The very next Sunday was communion, and the small congregation was in the middle of the service, when a strange woman arrived accompanied by her dog. When bread and wine were shared, she came forward for the elements, and so did the dog. This was clearly rather odd and unconventional, but before they took offense they remembered they were supposed to be ‘welcoming and kind’. Over the next few weeks the homeless man and the woman and the dog all attended worship, to be honest they were a bit of a nuisance and a bit smelly and disruptive. But in time, the church people got to know them and to find out about the hostel that was just across the way …… and last I heard, some of those church people were popping across the road and getting to know some of the other residents and things were beginning to change. I’m not sure whether that little church kept going, it’s not really the point of the story. The point is that the world changes, lives change when we get back to the simple, costly mandate of faith to love our neighbours and our enemies with the open arms of unconditional love.
This little church and Miss Clark, live the Jesus story and so can we, we who are Methodist and Methodish, we who are marinaded in faith big wigs and small fry, gay or straight or trans or undefined, broken, diffident or downright scared, all of us, each of us is called to this simple, costly way, living out our stories within the eternal, challenging, costly, glorious stories of God – because
nothing in all creation can separate us from it – not even marrows!”
‘So what’s the story…?’
The President’s story reminds that, “behind our question are a lot more questions: who is in the story, who have we left out, where is God in the story, what does the Bible have to say …? These questions are of course the bread and butter of what it means to be Christian, how the story of God and the stories about God, the stories of life and the stories about life, make sense of who we are as humans, created and loved in a world full of perplexity and delight.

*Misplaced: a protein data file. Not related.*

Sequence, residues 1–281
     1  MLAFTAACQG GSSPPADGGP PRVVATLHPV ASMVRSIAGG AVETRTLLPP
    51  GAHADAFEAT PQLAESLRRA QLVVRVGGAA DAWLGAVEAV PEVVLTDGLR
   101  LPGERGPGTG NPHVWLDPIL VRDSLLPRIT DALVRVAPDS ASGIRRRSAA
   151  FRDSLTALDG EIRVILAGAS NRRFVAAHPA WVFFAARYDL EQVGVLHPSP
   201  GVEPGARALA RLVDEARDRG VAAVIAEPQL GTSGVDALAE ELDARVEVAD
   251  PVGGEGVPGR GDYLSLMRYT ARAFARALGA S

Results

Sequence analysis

Of course, here at Anerley, we are grateful to Valerie for telling the church’s story, through her books, latest edition quite impressive! But what is your own story, of God’s love? I hope that we will be encouraged to share our Christian stories, too, with the President and Vice President in the exciting year ahead and beyond.
On 4th September, I joined ’Wednesday Club’, where after losing so miserably in the games, I felt I was recompensed with a ‘courgette or marrow’! Thank you for your gift, Valerie, which although I wasn’t the only one to receive it, it nonetheless spurred me on share the President story and the little things which enables us to live the Jesus story of love, in all its simplicity! It is my prayer that we will all be inspired by the message and stories of the presidential year, to tell our own stories of old and new.
The Old, Old Story
A[rabella] Katherine (“Kate”) Hankey(1834-1911)
Revd Abe Konadu-Yiadom